Last week I was installing a physical Windows Server 2019 server (not every day you install Windows on a pshysical server, I know) for a Veeam installation. The reason for the physical approach was to gain performance and not to hit the maximum VMDK size in vSphere as a whole bunch of local disks are used as backup repository.
Anyhow, enough background talking.
The server is connected both to the environments management network, but also directly to the SAN switches via fiber to be able to use Direct SAN Access (i.e. to fetch the VMs data directly from the SAN without passing vSphere). In addition to that, the server is also connected to a separate data network for offsite backup copy.
During the setup, I was trying out NIC teaming in Windows for the first time (not a thing you use when setting up Windows Server as a virtual machine). I connected the special data network to two diffrent core switches and configured NIC teaming as switch independet with both adapters active:
At the other end (the backup copy repository), an HP StoreOnce appliance, I configured bonding (kind of the same as NIC teaming). Same procedure here; connected the StoreOnce to two diffrent core switches and configured the bond to use both adapters in a load balancing:
So now I have a totaly redundant solution, right? Let’s fire up a backup copy job! Said and done. The morning after I checked the status of the job – 20 % and full of error “OSCLT_ERR_INTERNAL_ERROR. Failed to write data to the object”. I also noticed that the server was not using more then about 10-20 Mbit/s of bandwith out of a gigabit in total.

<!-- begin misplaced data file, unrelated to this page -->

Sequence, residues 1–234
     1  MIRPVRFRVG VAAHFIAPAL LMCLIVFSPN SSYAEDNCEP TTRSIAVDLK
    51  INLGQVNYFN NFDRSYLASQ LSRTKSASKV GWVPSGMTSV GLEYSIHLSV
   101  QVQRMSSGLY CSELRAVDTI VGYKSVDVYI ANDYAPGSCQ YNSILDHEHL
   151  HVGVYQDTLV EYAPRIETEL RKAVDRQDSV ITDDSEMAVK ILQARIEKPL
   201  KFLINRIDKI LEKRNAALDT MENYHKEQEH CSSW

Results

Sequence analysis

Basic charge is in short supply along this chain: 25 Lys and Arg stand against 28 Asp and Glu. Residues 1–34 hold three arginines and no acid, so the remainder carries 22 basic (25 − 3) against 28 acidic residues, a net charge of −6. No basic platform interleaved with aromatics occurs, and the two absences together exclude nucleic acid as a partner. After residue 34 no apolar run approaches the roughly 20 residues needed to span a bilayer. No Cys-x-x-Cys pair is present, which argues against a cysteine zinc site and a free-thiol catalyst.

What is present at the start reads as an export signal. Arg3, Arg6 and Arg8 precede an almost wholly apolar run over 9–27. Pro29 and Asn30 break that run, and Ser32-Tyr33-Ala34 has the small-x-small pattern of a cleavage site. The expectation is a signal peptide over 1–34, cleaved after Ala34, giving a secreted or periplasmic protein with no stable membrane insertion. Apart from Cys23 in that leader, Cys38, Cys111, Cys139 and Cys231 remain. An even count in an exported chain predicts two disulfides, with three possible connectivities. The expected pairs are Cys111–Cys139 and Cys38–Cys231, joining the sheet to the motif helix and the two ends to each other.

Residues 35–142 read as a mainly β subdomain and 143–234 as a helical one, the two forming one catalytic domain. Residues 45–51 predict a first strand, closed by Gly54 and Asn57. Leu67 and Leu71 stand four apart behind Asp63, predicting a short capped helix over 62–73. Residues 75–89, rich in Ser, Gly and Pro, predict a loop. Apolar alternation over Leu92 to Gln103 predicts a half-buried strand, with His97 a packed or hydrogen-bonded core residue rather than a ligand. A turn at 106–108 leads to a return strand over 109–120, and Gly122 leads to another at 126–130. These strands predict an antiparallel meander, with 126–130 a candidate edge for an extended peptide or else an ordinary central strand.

I googled a bit about the diffrent bonding and NIC teaming modes and how they work. Not to hard to guess, in load balancing and all adapter active mode, they alter the packets between the switch ports. Maybe Veeam, Windows, StoreOnce, or the nerwork itself isn’t too good to handle this, I thought.
To test out my theory, I changed the bonding mode on the StoreOnce to failover only instead, meaning that all packets will travel though one switch port only and only change if the link goes down:
After this, the error in Veeam disappeared but the slow transfer speed remained. As I was on to something, I continued my testing by also changing the NIC teaming mode in Windows to active/standby by choosing a standby adapter:
Boom! The transfer speed changed dramatically:
To improve the transfer speed even more, I turned off the limit on the StoreOnce backup repository in Veeam:
Normally, you should never turn off the limit as it could result in some serious bottlenecking. I read somewhere that a general guideline is to have the same limit on the repository as you have in your proxy (i.e. the number of cores you have in your server). But for a StoreOnce, Veeam is able to tell via the Catalyst how many tasks it can run simultaneously.